She job-shadowed a physical therapist and decided that it was a great day-to-day job, however, she was unsure of the physical therapy program details.

“I don’t know that much on physical therapy, I should probably do more research on it. But, I’m only doing physical therapy for the materialistic pros,” said Lin. “I feel that i’m a little scared that at some point I’m going to get bored, like ‘I actually don’t like this, I’m only doing it for the money, I’m going to die old and unhappy,’ but we’ll see.”

Alana Poulin

Major: Health Sciences

Field: Occupational Therapy

“Health science is a very broad major to go into, because you can go into various fields. I’m doing occupational therapy (OT),” said Poulin. “OT is a type of therapy in which you help people regain their daily functions.”

Poulin explained that it differs from physical therapy, which focuses on one specific area of the body. Occupational therapy focuses on the entire body itself.

“You work with various age groups and whatnot, just helping regain mobility. With the elderly, you might help with mobility and balance. With pediatrics it might be specifically for diseases and things of that nature,” Poulin said.

She originally wanted to go into nursing, or become a doctor, but Poulin found that OT was a better fit due to the fact that it’s only a five year program for a masters degree.

“I thought that going into the field where it helps people regain their life–or gain their mobility so they can have a better standard of living–intrigued me, instead of working in a hospital setting where you don’t know [their struggles],” said Poulin. “You’re on the other end of things, helping people go back out [into daily life].”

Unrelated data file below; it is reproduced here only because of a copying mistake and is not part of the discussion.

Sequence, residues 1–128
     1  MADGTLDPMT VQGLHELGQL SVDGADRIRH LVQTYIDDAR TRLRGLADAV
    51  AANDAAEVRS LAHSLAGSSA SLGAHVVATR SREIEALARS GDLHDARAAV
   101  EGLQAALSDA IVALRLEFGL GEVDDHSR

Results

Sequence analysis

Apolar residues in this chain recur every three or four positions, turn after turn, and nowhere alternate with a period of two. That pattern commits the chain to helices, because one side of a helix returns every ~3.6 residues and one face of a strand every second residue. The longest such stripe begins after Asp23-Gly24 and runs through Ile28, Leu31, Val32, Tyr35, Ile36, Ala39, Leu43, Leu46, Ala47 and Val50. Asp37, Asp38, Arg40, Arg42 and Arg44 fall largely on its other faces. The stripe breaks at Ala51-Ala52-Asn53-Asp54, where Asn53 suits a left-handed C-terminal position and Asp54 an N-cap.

Poulin wanted to go into the medical field to serve people, something hands-on. She said that you can serve people in any way with any job, but the medical field has a steady, ongoing demand for jobs.

“Technology is always advancing, so if you want a job that’s secure and stable I think that anything in the health field is good. It’s something that you can always rely on,” said Poulin. “I think the biggest thing is that you don’t want to go to school for four to five years and then not know if you can get a job and not know how much [money] you’re going to make.”

She said that in OT, you can figure out where you want to live, find the range of what type of salary you might make and “find a job that you could see yourself in.”

“Being able to reflect on what my major is and why I chose it motivates me more in the long term reason for going to college,” said Poulin. “It’s easy to get frustrated with classes and think that nothing is affecting my major and what not, just having a five year plan or kind of talking about the future just helps rebuild the motivation to continue and push through classes that right now I might not think have much impact, but could have an impact on me years down the road.”